The auditorium wasn’t as dark as that cave, but the contrast from its former brightly lit condition was powerful. When the lights had remained out long enough for our eyes to adjust as much as possible someone down front struck a match and lit a single candle. The impact of that tiny flame was impressive. Even though it only illuminated the small space immediately around it, even those in the back row of the upper balcony could see it. Then the person holding that initial candle extended it and touched the exposed wick of another candle being held by someone else. Now there were two.
A Mesmerizing Process ~
A simple process began to unfold. Those two used their candles to light the candle of the person next to them and that person repeated the process. From our perch in the balcony, we watched the little lights move slowly across the auditorium, candle by candle. The scene was mesmerizing and the feeling was unforgettable and inspiring. Little by little, one candle at a time, the darkness began to retreat as hundreds of little flames proved themselves invincible against the darkness that fled before them. By the time the last candle was lit, it was incredible how bright the huge auditorium had become and lessons we all need to remember began to hit home.
The tiny flames multiplying in that auditorium illuminated something profound. It was the light that dispelled the darkness—not the people holding the candles. It didn’t matter whether the person was old or young, male or female, white or black, conservative or liberal. The darkness didn’t flee because of the personality, education, or spiritual gifts of the people with the candles, and no one’s flame was different or more special than anyone else’s.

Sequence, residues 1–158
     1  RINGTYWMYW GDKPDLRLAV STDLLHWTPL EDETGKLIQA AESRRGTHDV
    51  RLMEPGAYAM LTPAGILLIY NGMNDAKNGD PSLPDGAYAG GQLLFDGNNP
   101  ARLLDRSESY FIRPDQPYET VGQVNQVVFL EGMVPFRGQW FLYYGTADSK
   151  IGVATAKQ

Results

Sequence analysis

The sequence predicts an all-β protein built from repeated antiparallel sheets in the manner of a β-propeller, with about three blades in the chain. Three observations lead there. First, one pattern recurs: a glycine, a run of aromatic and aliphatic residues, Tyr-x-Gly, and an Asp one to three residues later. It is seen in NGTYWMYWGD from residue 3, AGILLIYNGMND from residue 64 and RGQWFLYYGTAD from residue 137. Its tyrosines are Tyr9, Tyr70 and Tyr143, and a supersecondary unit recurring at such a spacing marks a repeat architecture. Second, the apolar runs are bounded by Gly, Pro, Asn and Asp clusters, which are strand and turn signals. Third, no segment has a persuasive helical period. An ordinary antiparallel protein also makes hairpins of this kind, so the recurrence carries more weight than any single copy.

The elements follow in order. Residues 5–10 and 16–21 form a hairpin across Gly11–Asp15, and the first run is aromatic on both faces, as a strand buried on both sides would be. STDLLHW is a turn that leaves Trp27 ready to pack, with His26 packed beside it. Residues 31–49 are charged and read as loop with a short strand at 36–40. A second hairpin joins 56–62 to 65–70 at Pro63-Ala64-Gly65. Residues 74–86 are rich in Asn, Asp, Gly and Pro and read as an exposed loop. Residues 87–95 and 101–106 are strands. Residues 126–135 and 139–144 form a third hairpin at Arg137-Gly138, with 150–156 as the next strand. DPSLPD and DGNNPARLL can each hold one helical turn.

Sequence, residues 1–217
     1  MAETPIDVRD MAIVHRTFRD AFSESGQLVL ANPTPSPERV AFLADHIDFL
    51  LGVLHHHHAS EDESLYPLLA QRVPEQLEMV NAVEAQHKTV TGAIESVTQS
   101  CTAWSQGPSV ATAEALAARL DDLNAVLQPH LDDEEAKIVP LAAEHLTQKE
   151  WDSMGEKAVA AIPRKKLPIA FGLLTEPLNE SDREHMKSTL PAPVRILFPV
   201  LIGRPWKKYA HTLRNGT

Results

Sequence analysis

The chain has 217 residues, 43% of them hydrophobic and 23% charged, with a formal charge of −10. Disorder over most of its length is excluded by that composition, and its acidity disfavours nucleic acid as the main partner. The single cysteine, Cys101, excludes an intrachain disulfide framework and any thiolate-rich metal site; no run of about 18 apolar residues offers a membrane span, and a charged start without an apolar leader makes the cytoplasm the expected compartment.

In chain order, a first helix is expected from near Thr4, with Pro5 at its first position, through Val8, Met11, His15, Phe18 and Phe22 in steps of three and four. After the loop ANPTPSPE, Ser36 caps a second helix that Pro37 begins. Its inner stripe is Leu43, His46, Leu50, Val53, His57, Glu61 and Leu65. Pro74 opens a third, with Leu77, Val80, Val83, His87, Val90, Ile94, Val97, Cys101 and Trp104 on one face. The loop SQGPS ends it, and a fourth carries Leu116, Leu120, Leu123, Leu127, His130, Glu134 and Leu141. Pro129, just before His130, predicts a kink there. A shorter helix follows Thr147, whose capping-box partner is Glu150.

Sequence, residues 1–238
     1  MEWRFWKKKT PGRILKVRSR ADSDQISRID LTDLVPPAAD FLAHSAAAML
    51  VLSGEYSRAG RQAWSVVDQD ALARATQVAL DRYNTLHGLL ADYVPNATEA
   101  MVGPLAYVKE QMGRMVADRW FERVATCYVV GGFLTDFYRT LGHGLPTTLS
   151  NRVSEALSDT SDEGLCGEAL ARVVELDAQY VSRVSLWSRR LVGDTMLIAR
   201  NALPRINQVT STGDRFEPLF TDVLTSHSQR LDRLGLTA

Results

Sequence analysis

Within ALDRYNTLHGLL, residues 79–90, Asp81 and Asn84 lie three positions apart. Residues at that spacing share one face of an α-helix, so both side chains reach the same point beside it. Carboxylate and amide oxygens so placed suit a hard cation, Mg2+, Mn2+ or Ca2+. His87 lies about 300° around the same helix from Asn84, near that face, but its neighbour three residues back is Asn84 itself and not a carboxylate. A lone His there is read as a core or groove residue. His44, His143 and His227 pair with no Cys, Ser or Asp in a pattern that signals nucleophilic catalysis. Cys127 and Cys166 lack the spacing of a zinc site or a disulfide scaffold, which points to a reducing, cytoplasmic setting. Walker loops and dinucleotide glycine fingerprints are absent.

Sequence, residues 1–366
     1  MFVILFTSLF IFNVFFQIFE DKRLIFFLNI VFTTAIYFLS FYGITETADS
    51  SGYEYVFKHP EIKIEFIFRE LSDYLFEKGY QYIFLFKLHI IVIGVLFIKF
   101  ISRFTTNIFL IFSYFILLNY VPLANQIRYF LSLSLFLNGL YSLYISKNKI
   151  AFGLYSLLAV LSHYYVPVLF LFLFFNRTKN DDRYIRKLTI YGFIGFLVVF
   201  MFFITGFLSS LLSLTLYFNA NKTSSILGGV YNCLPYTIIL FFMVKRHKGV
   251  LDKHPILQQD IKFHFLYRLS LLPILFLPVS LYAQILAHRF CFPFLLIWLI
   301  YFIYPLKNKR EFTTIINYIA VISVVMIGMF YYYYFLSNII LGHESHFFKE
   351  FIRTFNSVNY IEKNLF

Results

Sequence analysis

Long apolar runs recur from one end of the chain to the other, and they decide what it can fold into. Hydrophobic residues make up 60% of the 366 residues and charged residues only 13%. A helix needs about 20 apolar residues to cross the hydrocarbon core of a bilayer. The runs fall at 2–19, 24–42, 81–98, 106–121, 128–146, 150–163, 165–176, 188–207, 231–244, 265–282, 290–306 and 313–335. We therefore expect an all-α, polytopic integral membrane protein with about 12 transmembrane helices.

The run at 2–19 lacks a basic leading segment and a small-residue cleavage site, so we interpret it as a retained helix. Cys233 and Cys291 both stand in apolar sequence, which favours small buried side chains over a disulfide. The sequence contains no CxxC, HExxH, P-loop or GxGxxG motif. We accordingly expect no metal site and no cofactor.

Another enlightening realization was that the task of transforming that huge room enveloped in darkness wasn’t delegated to one or two with impressive “anti-darkness” credentials. Everyone shared one simple task. If our candle was burning, we were to reach out to someone next to us and share the one thing we had that the darkness couldn’t overcome. It was a simple one-at-a-time process, but the speed and efficiency of that design in defeating the surrounding darkness was astounding.
It’s Not Complicated ~
It’s easy these days to feel overwhelmed and hopeless against the darkness that has shrouded a nation once brightly lit with the Truth of God and the Gospel of Jesus Christ. It’s tempting to withdraw and hope that God will send some gifted person with a holy floodlight to dispel it, but that’s not His plan. Jesus said,
“I have come as a light into the world, that whoever believes in Me should not abide in darkness” (John 12:46 NKJV).
Jesus is the only power God sent to dispel a spiritual darkness that is omnipotent apart from contact with the light that is in Him and He has transmitted that light to us.
The prevalent darkness isn’t the fault of the people lost in it. Jesus passed the task of dispelling it to us when He said, “You are the light of the world….” (Matthew 5:14a NKJV). The task confronting us isn’t complicated. It begins by checking to see if your candle is lit, and if it is, then simply share your light with those around you who are still in the dark.
© 2017 Gallagher’s Pen, Ronald L. Gallagher, Ed.S. All rights reserved.